Connection via Cisco VPN Client stops local DNS resolution

If you use the Cisco VPN Client with Windows XP, you may have noticed that all of your DNS requests go via the VPN, rather than the local network. You can test which DNS server you are using through the use of the NSLOOKUP command. The Cisco VPN Client creates a disabled Local Area Connection, to which it assigns null values until connected. When you connect using the client this connection profile becomes enabled and is set with the appropriate DNS, WINS, gateway and IP address from the other end of the VPN, usually by a DHCP server. By default when you install the client the priority of the Cisco VPN connection is higher than the default local connection assigned to your ethernet NIC or wireless card and it is this that causes two major problems for users:

  1. You cannot connect to local named servers, but you can access them by IP. The only common workaround suggested for this (see Google Groups) is to manually add them to your HOSTS file. This is not a solution that you could widely roll out to a network of users, and is a dirty hack.
  2. Your DNS resolution is SLOW. This is because your request has to go to the DNS server at the other end of the VPN, before being returned to you locally, whereby it sends you out over your local LAN to the internet as normal via your broadband router.

To test which DNS server you are using by default when connected normally, first disconnect from the VPN client and pop open a command window:

  • Start -> Run -> type “cmd”
  • type “nslookup”.

You’ll see something along the lines of:

Type “exit” and then open up your Cisco VPN Client, connect via VPN, and repeat the NSLOOKUP command. You’ll see the change to your default DNS server:

Now all DNS requests will go through the VPN, and not your local router. Slow and pointless (security caveats aside). Why does the Cisco VPN Client change this, and can we alter it at the client level? We don’t really want to bother our over worked Cisco technician back in the office, and often he’s an expensive contract resource anyway.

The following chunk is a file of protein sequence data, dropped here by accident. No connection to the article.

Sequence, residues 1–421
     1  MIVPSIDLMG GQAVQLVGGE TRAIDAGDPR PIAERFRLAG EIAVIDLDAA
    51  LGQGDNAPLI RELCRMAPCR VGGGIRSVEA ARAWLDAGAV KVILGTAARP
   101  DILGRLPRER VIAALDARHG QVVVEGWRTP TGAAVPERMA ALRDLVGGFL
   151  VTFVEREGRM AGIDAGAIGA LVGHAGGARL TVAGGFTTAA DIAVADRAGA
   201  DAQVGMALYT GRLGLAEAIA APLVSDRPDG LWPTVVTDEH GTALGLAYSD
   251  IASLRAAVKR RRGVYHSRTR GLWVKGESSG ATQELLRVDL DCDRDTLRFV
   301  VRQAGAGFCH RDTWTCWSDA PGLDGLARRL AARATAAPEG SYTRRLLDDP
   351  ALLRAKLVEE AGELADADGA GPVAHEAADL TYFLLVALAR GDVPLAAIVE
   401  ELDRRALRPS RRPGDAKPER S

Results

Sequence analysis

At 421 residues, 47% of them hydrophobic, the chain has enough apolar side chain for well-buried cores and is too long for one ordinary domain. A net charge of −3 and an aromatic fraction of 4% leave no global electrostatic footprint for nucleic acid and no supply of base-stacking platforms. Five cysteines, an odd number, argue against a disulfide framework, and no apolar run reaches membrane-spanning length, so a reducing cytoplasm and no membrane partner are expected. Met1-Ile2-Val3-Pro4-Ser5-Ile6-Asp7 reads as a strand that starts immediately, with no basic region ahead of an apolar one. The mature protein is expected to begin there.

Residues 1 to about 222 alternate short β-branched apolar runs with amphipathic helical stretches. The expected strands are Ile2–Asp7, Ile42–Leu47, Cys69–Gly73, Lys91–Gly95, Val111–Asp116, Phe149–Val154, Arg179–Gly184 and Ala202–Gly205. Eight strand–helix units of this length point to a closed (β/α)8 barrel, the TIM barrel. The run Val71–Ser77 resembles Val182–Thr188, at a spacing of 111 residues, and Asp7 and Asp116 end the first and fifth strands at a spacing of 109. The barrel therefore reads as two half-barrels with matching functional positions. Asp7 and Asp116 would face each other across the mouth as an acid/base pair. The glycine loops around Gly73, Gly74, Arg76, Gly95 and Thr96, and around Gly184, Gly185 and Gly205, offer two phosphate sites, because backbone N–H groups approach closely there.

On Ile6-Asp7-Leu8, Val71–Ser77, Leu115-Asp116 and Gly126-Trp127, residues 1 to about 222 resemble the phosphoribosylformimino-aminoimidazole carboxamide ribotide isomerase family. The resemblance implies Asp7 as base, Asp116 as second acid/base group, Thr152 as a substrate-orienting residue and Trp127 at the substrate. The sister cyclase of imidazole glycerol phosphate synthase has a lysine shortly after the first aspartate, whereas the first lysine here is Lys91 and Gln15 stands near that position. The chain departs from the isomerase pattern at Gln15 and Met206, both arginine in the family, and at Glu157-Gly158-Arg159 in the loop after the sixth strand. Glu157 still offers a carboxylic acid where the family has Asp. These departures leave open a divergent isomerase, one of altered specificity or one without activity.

Most importantly why does the Cisco VPN Client connection always seem to have a higher priority than the standard local ethernet connection or wireless connection under Windows XP? My initial thought was that Cisco designed it to be this way, and there was no way to change it, but now I believe that the simple answer is one of installation order. Hence, as the connections are installed, the last one to be installed seems to be given the highest priority. Someone more knowledgeable with XP networking might be able to clarify this.
Whether or not this is true or not, the fix is to change the priority of the connections. A bit of digging around gives you some advanced settings to network connections:

  • Start -> Control Panel -> Network Connections
  • Then under the menu option Advanced -> Advanced Settings
  • Change the priority of your default local connection, to be above that of the Cisco VPN Client. The Cisco VPN Client often installs for most people as “Local Area Connection 2”.

Now try the NSLOOKUP command again. You’ll see something along the lines of:

You’re back to using your local DNS server, but still connected to the VPN. Problem solved. Nice! You should now be able to see your local servers inside your LAN by name, plus general browsing should be faster.
Some caveats:

  1. There may be security considerations to allowing DNS requests via the local LAN rather than the VPN. DNS works so that it rolls down the list of DNS servers, so the local LAN will ask the world for an internal DNS name first. That could give information away in terms of your local private LAN set up.
  2. I’m using an up-to-date-patched version of Windows XP Professional SP2
  3. I’m using the Cisco Client 4.0.4. Newer versions have given me grief.
  4. In the properties of the VPN profile in question (Cisco VPN Client -> Connection Entry -> Modify) the Transport tab has the option “Allow Locale LAN Access” checked.
  5. This may also be a solution for other VPN clients, but I haven’t tried it.